Though the Minnesota branch's literature promises that "tours of the facilities are available by appointment," Scherber backed out of a scheduled visit from City Pages twice. He did, however, discuss the program on the phone, alternating between suspicion ("We don't need any turdy publicity") and enthusiasm. "We believe that there is a sin problem with humanity," he explains. "That your problem has a spiritual origin. There is a heavy emphasis on Bible memorization."
There are currently 50 students in Minnesota Teen Challenge, Scherber says: "29 adult males, 14 ladies, and seven teenagers," the latter in a Christian school run out of a nearby church. A list of things to bring for the minimum one-year stay begins with "dress clothes" for church. Would-be residents pay a $100 application fee (the rest of the program is free, though the literature asks residents to turn over 75 percent of any public-assistance payments) and fill out a sheet with questions such as "Have you ever been involved in a homosexual relationship or associated activities? If yes, please explain." Entrants sign a form allowing staff to search their person, their room, and their mail, promising to have communication "with immediate family members only," and to withdraw from drugs, alcohol, tobacco, and coffee beyond a cup a day "cold turkey, aided only by prayer." Finally, they vouch that "I Am Committing Myself To This (1) Year, Deeply Christian Based Program, Without Any Form Of Coercion."
Once admitted, students typically get up at 6 a.m., spend the morning in Bible study, then work for four hours in the afternoon; in between there's counseling and "relational guidance" as well as recreation. Lights out is at 10:30, and there are "no relationships with the opposite sex other than your spouse." The work ranges from fixing up Teen Challenge buildings and vehicles to volunteering at a nearby nursing home. Scherber says the idea is to get clients started on habits that will help them in the workplace. "The first sin that man committed is disobedience. We learn that every day. If a staff member asks you to do something and you're gonna buck, you're not gonna last in this program. You just surrendered your rights to God. You're gonna fight God, you're not gonna make it."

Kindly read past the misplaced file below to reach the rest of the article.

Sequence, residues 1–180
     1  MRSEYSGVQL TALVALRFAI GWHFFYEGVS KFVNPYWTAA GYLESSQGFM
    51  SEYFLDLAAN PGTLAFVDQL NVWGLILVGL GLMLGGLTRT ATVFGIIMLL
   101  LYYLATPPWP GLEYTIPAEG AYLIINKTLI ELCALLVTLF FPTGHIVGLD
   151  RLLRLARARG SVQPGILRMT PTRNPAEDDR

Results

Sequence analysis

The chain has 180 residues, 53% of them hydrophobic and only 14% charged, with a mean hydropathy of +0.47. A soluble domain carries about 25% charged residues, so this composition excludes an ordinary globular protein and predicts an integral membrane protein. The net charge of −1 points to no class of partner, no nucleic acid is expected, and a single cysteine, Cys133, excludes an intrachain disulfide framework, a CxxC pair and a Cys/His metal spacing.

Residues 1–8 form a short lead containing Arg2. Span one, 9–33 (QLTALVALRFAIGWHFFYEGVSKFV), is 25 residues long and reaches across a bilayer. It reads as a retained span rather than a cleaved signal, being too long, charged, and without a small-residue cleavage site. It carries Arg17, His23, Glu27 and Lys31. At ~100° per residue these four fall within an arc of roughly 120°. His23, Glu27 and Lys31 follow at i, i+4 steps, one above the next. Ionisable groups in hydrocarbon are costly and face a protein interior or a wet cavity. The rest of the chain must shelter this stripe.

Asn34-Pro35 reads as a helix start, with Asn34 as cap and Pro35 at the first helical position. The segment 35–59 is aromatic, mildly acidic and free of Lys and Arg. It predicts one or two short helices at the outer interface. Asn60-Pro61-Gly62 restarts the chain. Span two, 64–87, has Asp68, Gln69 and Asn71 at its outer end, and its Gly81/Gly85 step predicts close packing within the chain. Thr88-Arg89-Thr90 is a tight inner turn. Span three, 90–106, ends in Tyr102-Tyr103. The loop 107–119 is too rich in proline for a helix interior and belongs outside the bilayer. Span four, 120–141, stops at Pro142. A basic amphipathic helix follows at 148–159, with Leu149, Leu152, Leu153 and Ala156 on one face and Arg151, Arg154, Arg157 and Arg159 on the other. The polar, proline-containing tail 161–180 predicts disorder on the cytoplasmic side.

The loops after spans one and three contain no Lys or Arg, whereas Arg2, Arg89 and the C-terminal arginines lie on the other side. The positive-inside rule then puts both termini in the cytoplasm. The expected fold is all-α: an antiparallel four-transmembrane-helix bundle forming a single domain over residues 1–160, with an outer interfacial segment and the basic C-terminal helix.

"Those are the things employers are telling us," echoes Keylon, at the national office. "We need someone to show up on time, with the right attitude and the willingness to work and to learn. One of our philosophies is no work, no eat."
Teen Challenge claims a staggering success rate, and there is some evidence to bear that out. In 1975, a U.S. Department of Health-commissioned study indicated that of 67 mostly Puerto Rican men who gave a urine sample seven years after graduating from Teen Challenge, 70 percent tested clean for heroin, marijuana, and alcohol. And last year, a survey at the University of Tennessee surveyed 25 graduates of the Chattanooga center; 72 percent said they were drug-free.
No similar studies have been done on Minnesota Teen Challenge, but that doesn't keep officials from singing its praises. Wes Skoglund, a DFL state representative from Minneapolis who chairs the House Judiciary Committee, says Scherber and a group of his students came to testify at his committee this spring, and he went to tour the facilities afterwards. "They do for about $20 a day what the state does for $70 a day," he says reverently. And Minneapolis Police Chief Robert Olson, who visited the Minneapolis center last month, says he's interested in having cops and courts refer clients to it.